[robotics-worldwide] [news] $100, 000 Robot Art Contest Opens to Public Voting - APRIL 18

Andrew Conru andrew.conru at gmail.com
Fri Apr 22 12:11:18 PDT 2016

$100,000 Robot Art Contest Opens to Public Voting - APRIL 18

As the inaugural $100,000 RobotArt.org competition opens up to public
voting, over a dozen teams hope that their painting robot will take the
title of most artistic machine.  The general public can vote on their
favorite artwork at https://urldefense.proofpoint.com/v2/url?u=http-3A__robotart.org_&d=CwIFaQ&c=clK7kQUTWtAVEOVIgvi0NU5BOUHhpN0H8p7CSfnc_gI&r=0w3solp5fswiyWF2RL6rSs8MCeFamFEPafDTOhgTfYI&m=5sCYn7RGzN0PEvYiowh3eXB4TzqwIHyn1hcxiRpQL-M&s=6X4r7hFJ8fKKbHK87edjYmKE_VfJ3rQIxHWYir1nKuI&e=  and have a major impact on which
teams win.

Some of the 70+ work are abstract, while other paintings are
representational, with several concentrating on portraiture. Some of the
robots are operated manually while others are completely automated. The
only thing that all the artwork has in common, is that each and every
stroke was made by a robot. This is one of the only rules for this contest
which is in its first year of five annual contests.

Each team’s interest to robotic painting is as varied as the subject matter
they have painted.  Italian Artist Patrick Tabarelli of Italy, is “
interested in producing original emotional visual experiences made by a
machine but close to a human sphere of sensibility.”  Oliver Deussen and
Thomas Lindemeier of Germany have used their robot platform eDavid to
explore their interest “in nonphotorealistic rendering, particularly in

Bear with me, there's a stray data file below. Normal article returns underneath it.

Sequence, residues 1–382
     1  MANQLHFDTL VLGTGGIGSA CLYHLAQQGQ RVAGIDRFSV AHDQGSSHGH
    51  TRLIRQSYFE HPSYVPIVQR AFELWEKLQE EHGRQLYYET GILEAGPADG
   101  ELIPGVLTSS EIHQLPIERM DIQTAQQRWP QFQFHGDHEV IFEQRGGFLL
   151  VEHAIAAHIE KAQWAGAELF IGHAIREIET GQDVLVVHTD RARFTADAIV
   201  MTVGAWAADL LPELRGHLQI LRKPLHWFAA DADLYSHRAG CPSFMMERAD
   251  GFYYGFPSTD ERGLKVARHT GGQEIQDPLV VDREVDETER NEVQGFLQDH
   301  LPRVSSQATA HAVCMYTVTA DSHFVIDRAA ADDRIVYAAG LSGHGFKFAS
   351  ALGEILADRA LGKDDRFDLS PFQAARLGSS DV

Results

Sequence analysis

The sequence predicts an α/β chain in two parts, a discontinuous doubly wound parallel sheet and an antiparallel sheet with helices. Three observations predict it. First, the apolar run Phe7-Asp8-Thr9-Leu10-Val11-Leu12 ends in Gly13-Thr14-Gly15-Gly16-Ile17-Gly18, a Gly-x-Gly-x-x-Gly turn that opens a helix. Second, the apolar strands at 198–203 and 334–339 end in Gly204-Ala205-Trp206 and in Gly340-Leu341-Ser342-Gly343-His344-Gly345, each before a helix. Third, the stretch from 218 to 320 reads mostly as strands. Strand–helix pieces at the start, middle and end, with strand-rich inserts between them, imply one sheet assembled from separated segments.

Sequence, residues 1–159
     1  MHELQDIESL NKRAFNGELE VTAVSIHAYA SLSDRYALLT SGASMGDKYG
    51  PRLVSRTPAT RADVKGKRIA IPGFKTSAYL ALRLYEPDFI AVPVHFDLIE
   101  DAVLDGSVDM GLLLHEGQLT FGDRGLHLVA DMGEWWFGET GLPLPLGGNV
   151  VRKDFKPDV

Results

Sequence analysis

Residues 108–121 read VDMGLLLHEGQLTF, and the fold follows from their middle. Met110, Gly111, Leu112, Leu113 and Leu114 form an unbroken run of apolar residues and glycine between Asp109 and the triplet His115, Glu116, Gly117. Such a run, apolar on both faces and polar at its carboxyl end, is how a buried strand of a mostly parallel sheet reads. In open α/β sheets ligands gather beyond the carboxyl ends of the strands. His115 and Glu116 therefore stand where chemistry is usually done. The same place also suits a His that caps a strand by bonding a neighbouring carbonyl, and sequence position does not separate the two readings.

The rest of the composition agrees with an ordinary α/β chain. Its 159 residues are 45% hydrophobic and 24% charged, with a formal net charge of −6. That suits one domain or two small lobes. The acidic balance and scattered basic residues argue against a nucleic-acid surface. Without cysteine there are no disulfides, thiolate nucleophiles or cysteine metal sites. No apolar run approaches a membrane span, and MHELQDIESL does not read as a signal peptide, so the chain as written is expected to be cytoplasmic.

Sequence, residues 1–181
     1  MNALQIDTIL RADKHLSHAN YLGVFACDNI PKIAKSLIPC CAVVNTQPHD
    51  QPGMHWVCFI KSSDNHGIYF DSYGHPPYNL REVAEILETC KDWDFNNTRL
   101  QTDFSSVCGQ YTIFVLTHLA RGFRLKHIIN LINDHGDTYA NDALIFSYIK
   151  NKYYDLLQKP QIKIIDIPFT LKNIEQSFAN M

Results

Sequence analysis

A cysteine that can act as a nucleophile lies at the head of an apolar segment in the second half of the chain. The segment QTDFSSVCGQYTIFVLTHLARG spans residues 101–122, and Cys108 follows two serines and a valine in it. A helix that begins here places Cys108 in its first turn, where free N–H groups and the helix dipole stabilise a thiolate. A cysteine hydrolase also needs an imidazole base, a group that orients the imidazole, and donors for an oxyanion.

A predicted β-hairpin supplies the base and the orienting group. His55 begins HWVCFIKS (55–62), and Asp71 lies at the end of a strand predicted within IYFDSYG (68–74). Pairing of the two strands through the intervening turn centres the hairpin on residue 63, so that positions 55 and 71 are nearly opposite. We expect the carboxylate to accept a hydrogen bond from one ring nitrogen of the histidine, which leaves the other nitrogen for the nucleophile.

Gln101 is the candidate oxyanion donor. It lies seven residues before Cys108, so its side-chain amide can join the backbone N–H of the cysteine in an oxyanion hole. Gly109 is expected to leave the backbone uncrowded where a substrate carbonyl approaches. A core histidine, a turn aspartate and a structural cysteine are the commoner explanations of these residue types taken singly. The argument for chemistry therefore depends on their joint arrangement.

painterly rendering, paint simulation, machine learning and  computational
creativity.  American Artist Pindar Van Arman is interested in capturing as
much of his artistic process as
possible in algorithms.

Other teams are focusing on the relationship between humans and robots.
Carnegie Mellon’s Team A1 explores how much technology influences the
creative process with their haptic robot arm. Ming Jyun Hong of Taiwan made
his painting robot to entertain and help people look for methods to ease
their stress. Another robot lets anyone anywhere take control of it through
a live crowdsourced web interface and paint images communally.

The form and functionality of the robots offer further variety. Multiple
robots are the standard xyplotting table or articulated 3D arm, though
there are some unconventional robots such as one disguised as a plush
snake, and another that appears to be holding dozens of brushes fanned out
on a rotating disk.

With the $100,000 contest in its inaugural year, the event’s organizer
Andrew Conru hopes to build interest and a community behind the emerging
field and genre of robotic art. As he puts it “Fundamental to the
competition is the belief that creativity and expression are emerging in
unexpected ways from our relationship with technology. The contest hopes to
explore and
advance its development over the next five years.”

The artwork can be seen at https://urldefense.proofpoint.com/v2/url?u=http-3A__robotart.org_&d=CwIFaQ&c=clK7kQUTWtAVEOVIgvi0NU5BOUHhpN0H8p7CSfnc_gI&r=0w3solp5fswiyWF2RL6rSs8MCeFamFEPafDTOhgTfYI&m=5sCYn7RGzN0PEvYiowh3eXB4TzqwIHyn1hcxiRpQL-M&s=6X4r7hFJ8fKKbHK87edjYmKE_VfJ3rQIxHWYir1nKuI&e= 

More information about the robotics-worldwide mailing list